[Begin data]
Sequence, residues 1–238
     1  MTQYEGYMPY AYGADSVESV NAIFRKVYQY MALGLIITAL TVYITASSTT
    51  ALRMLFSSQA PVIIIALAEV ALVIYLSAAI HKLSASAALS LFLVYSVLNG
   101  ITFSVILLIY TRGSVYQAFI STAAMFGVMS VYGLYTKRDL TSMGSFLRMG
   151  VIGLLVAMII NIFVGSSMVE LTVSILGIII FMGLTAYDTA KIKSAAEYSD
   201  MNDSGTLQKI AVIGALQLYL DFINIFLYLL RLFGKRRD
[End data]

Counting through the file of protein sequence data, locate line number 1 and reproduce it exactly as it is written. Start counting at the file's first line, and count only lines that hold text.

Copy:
Sequence, residues 1–238